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One Love Festival is latest to pull out from Hop Farm

By Paddock Wood Courier  |  Posted: December 14, 2012

By Mary Harris mary.harris@courier.co.uk

  • One time Only: 2012's One Love Festival was the first and last to be held at the Hop Farm

  • PULLING OUT: Dan Wiltshire, One Love Festival organiser

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THE UK's leading reggae festival is the latest large-scale event to leave the Hop Farm, with organisers blaming a catalogue of problems at the venue.

The announcement about the One Love Festival comes just a week after the War and Peace show ended its 25-year association with the attraction.

The One Love Festival drew 3,500 people last year, the first time it had been at the Hop Farm.

It is moving to Essex next year, with managing director Dan Wiltshire claiming it had been a "victim of the venue".

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The noise restrictions – which saw Tonbridge and Malling Borough Council warn organisers nine times – were so harsh, Mr Wiltshire said, the Hop Farm would be better off "holding silent discos and comedy".

He claimed:

They were asked to switch fields with just three days' notice

He was told to turn down music to avoid disturbing a wedding

Litter and churned ground was left from previous events

Electricity was cut twice with no explanation

The opening was delayed by 40 minutes because organisers were only told two hours before to fence off a stream area because of a death two weeks earlier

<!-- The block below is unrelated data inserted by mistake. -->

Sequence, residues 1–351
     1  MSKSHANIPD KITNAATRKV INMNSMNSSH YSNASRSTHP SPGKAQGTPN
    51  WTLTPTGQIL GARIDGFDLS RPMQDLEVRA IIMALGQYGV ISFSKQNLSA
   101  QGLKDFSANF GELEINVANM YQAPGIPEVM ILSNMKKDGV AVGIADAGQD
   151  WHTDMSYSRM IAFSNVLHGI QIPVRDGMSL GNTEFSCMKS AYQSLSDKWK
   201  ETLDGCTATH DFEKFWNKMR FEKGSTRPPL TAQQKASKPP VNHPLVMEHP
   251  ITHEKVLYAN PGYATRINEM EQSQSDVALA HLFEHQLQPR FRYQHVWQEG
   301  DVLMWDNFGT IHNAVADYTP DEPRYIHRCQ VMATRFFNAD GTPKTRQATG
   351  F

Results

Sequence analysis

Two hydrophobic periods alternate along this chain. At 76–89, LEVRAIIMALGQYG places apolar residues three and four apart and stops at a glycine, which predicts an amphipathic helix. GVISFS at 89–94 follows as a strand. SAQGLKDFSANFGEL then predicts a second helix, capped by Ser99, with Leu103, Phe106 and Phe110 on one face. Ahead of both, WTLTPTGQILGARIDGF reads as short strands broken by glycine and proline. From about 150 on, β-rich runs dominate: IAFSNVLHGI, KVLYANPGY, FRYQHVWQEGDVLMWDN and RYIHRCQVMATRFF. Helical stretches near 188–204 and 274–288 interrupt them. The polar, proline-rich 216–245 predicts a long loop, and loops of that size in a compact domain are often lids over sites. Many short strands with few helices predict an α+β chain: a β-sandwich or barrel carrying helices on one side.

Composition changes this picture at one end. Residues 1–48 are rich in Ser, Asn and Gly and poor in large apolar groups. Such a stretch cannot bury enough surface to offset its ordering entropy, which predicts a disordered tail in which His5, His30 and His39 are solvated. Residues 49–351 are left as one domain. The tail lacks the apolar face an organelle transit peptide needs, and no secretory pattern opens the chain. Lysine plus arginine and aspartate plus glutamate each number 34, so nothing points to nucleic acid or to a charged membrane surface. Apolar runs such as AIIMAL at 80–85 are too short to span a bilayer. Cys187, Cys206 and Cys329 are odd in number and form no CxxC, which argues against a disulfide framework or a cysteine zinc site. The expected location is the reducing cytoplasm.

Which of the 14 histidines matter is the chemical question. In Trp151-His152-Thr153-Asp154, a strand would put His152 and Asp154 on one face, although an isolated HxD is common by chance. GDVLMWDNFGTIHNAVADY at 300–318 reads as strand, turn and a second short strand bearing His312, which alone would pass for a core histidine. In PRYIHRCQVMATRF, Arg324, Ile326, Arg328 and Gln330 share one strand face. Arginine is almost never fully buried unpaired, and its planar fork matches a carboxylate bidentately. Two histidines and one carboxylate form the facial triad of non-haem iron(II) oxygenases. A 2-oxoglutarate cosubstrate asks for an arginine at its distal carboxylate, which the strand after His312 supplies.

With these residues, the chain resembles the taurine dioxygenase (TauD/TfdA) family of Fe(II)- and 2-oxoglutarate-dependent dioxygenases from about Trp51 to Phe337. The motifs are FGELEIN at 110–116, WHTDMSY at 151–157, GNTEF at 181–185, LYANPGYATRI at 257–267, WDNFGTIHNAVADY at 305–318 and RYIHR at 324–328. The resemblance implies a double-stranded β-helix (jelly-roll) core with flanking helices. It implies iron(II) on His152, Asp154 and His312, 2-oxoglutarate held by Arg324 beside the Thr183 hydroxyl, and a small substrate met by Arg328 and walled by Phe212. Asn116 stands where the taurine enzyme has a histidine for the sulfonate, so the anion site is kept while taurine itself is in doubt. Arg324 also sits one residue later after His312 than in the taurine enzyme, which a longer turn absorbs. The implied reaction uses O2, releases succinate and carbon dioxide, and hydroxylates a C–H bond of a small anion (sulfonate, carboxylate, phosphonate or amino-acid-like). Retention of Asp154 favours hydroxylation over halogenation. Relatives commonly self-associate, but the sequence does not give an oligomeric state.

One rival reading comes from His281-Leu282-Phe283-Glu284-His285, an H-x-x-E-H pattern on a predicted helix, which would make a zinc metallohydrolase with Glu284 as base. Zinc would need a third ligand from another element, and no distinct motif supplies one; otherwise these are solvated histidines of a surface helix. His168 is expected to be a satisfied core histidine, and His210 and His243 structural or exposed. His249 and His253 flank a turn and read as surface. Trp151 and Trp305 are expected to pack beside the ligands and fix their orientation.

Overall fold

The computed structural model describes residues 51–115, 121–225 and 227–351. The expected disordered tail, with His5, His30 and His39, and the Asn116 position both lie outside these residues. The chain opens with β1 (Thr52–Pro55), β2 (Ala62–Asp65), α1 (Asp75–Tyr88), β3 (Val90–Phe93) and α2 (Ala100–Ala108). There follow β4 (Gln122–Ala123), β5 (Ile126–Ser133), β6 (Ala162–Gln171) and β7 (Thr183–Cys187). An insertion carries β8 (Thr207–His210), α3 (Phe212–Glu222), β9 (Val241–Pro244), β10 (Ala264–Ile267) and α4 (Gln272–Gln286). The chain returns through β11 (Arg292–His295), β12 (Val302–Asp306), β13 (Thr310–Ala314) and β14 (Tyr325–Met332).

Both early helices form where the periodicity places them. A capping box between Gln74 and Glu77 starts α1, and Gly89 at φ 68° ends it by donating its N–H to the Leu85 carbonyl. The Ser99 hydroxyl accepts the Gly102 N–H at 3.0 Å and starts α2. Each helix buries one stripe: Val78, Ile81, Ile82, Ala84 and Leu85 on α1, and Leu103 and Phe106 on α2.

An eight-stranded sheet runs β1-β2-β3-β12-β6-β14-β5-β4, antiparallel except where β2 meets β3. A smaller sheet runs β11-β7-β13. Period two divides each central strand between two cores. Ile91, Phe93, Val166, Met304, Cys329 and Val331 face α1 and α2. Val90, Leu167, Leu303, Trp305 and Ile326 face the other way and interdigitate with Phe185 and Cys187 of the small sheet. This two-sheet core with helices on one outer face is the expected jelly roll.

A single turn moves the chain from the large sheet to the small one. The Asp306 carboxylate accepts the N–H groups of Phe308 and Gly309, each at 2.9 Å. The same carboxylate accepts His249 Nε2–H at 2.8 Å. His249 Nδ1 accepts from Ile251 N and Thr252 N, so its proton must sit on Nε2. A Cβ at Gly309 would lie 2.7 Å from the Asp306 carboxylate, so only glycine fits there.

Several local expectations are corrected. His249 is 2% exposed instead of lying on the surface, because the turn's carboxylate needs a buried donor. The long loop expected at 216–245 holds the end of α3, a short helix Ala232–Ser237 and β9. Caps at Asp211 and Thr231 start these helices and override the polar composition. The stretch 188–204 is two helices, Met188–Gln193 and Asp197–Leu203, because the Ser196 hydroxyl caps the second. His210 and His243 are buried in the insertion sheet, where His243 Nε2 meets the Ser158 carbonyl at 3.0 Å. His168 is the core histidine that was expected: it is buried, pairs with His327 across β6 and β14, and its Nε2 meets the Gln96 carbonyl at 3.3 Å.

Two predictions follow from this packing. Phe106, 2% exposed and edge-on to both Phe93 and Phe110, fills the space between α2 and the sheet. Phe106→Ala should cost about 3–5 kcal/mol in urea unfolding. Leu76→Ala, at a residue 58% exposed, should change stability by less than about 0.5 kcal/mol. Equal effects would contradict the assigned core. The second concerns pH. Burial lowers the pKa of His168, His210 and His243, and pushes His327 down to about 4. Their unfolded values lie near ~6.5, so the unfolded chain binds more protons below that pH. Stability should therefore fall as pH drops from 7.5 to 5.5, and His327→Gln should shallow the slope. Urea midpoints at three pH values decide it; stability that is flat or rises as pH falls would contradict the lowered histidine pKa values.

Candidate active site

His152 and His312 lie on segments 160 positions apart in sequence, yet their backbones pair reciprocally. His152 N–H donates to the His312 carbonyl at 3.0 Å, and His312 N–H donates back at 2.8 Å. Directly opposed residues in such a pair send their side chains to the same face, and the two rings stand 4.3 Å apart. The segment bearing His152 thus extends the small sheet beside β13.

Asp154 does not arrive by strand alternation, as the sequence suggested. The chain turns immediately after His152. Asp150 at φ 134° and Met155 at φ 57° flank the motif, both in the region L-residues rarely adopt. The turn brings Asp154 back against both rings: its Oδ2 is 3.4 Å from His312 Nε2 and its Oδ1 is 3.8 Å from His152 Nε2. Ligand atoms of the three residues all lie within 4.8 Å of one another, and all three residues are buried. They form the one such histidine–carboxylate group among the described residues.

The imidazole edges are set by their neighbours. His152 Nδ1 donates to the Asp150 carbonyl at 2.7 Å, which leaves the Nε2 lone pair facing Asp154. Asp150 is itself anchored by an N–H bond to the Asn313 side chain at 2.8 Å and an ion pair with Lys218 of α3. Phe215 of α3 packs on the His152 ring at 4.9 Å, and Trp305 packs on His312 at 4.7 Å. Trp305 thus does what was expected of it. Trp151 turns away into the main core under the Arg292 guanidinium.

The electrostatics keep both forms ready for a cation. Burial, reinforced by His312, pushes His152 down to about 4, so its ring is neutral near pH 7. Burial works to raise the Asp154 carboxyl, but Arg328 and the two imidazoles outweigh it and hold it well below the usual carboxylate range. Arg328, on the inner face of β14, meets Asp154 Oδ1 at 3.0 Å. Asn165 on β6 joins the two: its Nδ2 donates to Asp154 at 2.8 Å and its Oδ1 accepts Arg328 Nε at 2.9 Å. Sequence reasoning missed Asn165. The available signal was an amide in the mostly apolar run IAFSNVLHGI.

Mr Wiltshire said: "The event was a huge success publicly, everything seemed fine and everyone really enjoyed it. It was behind the scenes where all the problems occurred. The land around the Hop Farm is so flat and it is such a quiet place."

Hop Farm sales and marketing director Miguel Fenton said it was the venue's decision not to hold the festival again.

He said: "In the case of the 2012 One Love Festival and a couple of other events held at the Hop Farm, we have communicated to the organisers that we would not see them as part of our future plans.

"The Hop Farm values its licence and local resident opinion and relies on the event organisers to keep within the boundaries of the licence as stated in the contracts that are agreed with them. Where there has been a clear breach, we have taken action."

He added: "The Hop Farm will shortly be announcing an exciting calendar of events for 2013 which are being created using nationally-known promoters, and that will be of great benefit to Kent."

This year the council received 54 complaints about noise from the Hop Farm. It confirmed it had "pressed organisers" to fence off the section of unguarded water ahead of the reggae festival.

Organisers of the War and Peace Show, which this year attracted 110,000 people, said they left the Hop Farm because the event had become "tired" and showgoers had criticised the facilities.

In September two performances by singer Leonard Cohen were mysteriously pulled at the last minute. Later that month the three-day Hop Farm Festival was thrown into jeopardy when the company behind it called in administrators.

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